Gina passed me the stick, and I’ve finally gotten around to doing it. Here it is…
You’re stuck inside Fahrenheit 451, which book do you want to be?
Hmmm… not sure how to answer this question, because I haven’t read Fahrenheit 451 (though I know a bit about the premise). Would it be better to be a “fluff” book, so that you were no threat to society and wouldn’t get burned as quickly, or a more “meaty” book that might help you change society so that books no longer get burned? If it’s the first, I might choose one of the disgustingly fluffy Hillary Duff books my daughters have on their shelves (thankfully, they’re finally growing tired of them!) If it’s the second, then I might choose the Bible, with the hopes that it might inspire someone to take a risk and stop the burning.
Have you ever had a crush on a fictional character?
Yeah, but sadly, I have a fairly short memory for books, so I don’t remember the characters very long after I’ve read the book. I remember a bit of a crush after reading Little Women… one of the young men who stole the heart of one of the sisters (if only I could remember who). But, truthfully, one of my favourites would have to mirror Gina’s fave – Sir Percy Blakeney from The Scarlet Pimpernel. Ooohhh… he had that little bit of “danger” that’s just so sexy!
Longest lasting crush?
Like I said before, my memory’s pretty short, so the crushes lasted about as long as the period of time before I started my next book. But Sir Percy probably rates, ‘cause I still get a little tingly when I think of his daring spy missions 🙂
The last book you bought is:
If you saw my post from April 8, you’ll have your first clue. I bought Plan B: Further Thoughts on Faith by Anne Lamott. Her book Travelling Mercies is my favourite book of all time, so I couldn’t resist buying the follow-up. After a tough day, I treated myself to a new book. Hey – when it comes to indulging, it was better than turning to alcohol or food!
The last book you finished:
Same as above – Plan B: Further Thoughts on Faith. It didn’t take me long to finish, ‘cause I devour Anne Lamott like expensive chocolate. I finished it on the plane on the way to Toronto earlier this week. It wasn’t quite as good as Travelling Mercies, but still DEFINITELY worth the read (with just a bit too much Bush-bashing). I have found no one who can write about her faith journey, her life as a mother, her relationship, etc., with such honesty, humour, and brilliant inspiration. I laughed, I cried…oh, you get the picture.
What are you currently reading?
The Different Drum: Community Making and Peace by Scott Peck. I started reading this book in Africa in February. It had been recommended by a couple of friends, because I was going to be travelling with a group of 12 people for 3 weeks, and they thought it would be interesting to read about community making in the context of a unique community experience (2 weeks in a bus with 12 people is certainly an interesting way to learn about community!) I’ve been enjoying the book quite a bit, but I took a break from it after Africa, because when I came home to my family, I didn’t really feel like focussing on community for awhile. I brought it along to Toronto this week because I was pretty sure I’d finish Plan B and needed something else to read. It’s a great book. Scott Peck is brilliant.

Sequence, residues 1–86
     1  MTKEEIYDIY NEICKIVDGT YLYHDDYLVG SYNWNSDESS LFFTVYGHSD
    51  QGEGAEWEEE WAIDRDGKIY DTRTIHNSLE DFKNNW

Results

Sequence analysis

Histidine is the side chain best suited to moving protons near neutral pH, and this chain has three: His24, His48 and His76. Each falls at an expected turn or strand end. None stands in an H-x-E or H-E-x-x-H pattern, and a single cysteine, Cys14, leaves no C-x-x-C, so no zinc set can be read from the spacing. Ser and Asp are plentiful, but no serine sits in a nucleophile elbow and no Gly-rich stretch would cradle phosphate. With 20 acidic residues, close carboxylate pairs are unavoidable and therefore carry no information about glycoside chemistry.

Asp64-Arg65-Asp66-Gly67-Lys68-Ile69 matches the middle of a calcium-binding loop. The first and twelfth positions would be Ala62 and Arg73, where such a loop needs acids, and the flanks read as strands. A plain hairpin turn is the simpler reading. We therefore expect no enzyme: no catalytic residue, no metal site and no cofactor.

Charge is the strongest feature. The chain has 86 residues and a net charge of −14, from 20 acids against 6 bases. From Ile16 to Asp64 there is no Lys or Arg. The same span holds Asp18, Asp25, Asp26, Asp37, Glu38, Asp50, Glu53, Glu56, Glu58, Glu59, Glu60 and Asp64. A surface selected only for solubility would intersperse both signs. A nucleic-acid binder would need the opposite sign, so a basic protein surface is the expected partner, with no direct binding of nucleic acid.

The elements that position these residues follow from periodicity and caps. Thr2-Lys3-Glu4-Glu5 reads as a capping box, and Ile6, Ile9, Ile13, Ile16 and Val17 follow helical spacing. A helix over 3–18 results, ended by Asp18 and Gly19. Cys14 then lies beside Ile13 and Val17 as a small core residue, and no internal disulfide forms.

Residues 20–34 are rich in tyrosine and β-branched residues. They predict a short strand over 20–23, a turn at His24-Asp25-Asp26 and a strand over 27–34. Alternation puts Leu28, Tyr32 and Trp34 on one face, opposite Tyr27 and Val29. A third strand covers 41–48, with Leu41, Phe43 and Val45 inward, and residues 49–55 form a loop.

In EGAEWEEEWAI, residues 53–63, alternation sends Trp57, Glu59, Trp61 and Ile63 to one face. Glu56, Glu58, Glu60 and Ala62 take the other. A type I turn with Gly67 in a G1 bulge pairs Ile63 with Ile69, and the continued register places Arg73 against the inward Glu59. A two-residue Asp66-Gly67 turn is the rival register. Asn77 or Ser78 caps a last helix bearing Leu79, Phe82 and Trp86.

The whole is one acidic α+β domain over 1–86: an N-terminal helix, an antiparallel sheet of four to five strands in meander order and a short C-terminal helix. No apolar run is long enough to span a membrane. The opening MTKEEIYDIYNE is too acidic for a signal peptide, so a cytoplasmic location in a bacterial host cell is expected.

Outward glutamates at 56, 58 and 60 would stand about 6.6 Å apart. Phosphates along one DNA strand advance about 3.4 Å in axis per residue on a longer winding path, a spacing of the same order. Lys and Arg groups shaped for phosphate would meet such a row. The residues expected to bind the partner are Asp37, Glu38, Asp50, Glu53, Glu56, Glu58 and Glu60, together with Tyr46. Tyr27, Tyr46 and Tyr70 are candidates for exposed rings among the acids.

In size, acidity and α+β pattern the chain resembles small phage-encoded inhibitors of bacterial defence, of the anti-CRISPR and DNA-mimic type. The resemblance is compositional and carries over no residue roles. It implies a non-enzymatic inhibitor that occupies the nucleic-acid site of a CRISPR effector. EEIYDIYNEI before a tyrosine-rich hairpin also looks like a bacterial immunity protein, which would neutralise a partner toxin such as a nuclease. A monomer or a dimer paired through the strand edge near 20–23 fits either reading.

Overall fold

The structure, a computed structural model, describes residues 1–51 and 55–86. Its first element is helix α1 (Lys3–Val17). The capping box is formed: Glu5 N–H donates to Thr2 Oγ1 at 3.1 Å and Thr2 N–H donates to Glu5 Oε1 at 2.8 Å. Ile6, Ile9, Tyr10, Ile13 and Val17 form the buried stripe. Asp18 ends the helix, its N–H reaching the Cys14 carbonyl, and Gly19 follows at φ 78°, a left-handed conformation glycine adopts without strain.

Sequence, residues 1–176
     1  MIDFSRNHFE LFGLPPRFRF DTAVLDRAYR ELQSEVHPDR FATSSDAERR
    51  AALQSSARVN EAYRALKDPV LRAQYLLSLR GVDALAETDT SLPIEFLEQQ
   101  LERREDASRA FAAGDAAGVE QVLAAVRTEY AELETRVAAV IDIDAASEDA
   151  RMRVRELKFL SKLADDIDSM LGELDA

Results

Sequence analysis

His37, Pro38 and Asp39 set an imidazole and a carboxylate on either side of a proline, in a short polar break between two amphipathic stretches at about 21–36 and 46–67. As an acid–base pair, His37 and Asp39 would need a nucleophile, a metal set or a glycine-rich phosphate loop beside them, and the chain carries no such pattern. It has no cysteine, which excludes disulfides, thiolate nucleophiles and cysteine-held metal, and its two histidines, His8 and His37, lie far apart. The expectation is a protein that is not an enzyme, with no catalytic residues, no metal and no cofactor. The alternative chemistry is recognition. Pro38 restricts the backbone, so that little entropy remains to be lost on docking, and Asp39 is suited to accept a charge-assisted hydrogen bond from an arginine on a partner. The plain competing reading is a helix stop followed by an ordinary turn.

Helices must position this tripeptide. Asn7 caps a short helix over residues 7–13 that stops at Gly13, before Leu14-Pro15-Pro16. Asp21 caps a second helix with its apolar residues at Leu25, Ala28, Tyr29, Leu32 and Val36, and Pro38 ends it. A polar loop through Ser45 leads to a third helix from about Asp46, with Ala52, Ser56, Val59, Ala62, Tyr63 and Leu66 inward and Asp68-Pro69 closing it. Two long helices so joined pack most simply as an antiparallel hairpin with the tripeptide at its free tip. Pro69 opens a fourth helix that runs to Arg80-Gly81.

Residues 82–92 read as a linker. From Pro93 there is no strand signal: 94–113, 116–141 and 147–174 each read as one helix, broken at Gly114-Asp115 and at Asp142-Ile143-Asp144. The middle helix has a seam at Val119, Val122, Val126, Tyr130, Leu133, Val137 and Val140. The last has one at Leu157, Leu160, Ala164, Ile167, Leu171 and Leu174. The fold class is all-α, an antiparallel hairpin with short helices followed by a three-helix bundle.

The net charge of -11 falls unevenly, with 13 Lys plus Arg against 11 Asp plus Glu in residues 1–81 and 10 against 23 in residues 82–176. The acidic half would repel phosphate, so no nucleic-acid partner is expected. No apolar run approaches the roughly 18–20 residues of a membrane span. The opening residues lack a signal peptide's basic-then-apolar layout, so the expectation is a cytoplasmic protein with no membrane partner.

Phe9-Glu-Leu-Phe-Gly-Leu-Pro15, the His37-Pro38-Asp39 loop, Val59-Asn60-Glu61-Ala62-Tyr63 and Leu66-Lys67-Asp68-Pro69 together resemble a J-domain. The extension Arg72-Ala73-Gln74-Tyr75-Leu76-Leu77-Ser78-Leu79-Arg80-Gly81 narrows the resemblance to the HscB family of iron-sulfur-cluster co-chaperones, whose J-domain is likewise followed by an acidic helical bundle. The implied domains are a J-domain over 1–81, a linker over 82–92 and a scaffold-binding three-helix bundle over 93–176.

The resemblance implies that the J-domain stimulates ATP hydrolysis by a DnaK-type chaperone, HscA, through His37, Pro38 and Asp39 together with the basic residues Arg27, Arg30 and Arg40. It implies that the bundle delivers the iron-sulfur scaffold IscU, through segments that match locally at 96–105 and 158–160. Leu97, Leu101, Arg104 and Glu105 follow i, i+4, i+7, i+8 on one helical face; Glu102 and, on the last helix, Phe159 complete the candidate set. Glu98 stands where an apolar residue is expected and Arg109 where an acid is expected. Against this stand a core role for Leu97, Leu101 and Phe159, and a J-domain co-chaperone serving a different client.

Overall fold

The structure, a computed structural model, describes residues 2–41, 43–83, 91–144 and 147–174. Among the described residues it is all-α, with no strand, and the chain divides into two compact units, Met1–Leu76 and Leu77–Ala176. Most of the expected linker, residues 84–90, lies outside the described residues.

Five books you would take to a deserted island:
This is a tough one. I couldn’t decide whether to take “old faithfuls” because they were comfortable and familiar, or new ones that I hadn’t read yet because I wanted to be inspired. I chose a combination…
Travelling Mercies by Anne Lamott – As I said before, this is my favourite book and I wouldn’t want to be without it. It gives me hope when I’m feeling hopeless, and makes me feel human when I’m at risk of losing touch with my humanity.
The Bible – I often wish I were more faithful at reading the Bible. I get tired of it sometimes, and other times it frustrates me, so it gets ignored. But there are still so many things I love about it, and enough things that challenge me and keep me wanting to learn more, that I wouldn’t want to leave it behind. One of the things I admire most about Jesus is that he is a master communicator – he tells great stories and knows how to get people’s attention. I am a great lover of stories, and always interested in learning more about my chosen field – communication. So even when I don’t feel particularly connected to my faith, I can find something of interest and value in the Bible.
The Artist’s Way by Julia Cameron – I figure out there on that deserted island, I’d finally find enough time to do The Artist’s Way justice and work my way through the lessons. I’m not sure what my “Artist’s Dates” would be – perhaps picking seashells at the beach, or meandering through a wildflower meadow.
A blank book – yup, this one would have nothing on the pages, ‘cause if I DID bring The Artist’s Way along, I’d have to have a blank book for all my morning pages. And who knows, by the time I got rescued from that island, I might have written a whole new book to leave behind for the new inhabitants to enjoy!
The Last Word and the Word after That: A Tale of Faith, Doubt, and a New Kind of Christianity by Brian McLaren – this is in the category of new books that I’m looking forward to reading (on my wish list). I fell in love with McLaren when I read A Generous Orthodoxy, so now I want to read more of him. This one sounds intriguing.
There, that’s it for me. Now I’m happy to pass it on to whomever wants it… CCAP? h8s2clean (although you may have already done it)? thebloke? I’d LOVE to pass it to Michele or Linda, if only they’d ever get around to creating their own blogs (perhaps this is just the inspiration they need)!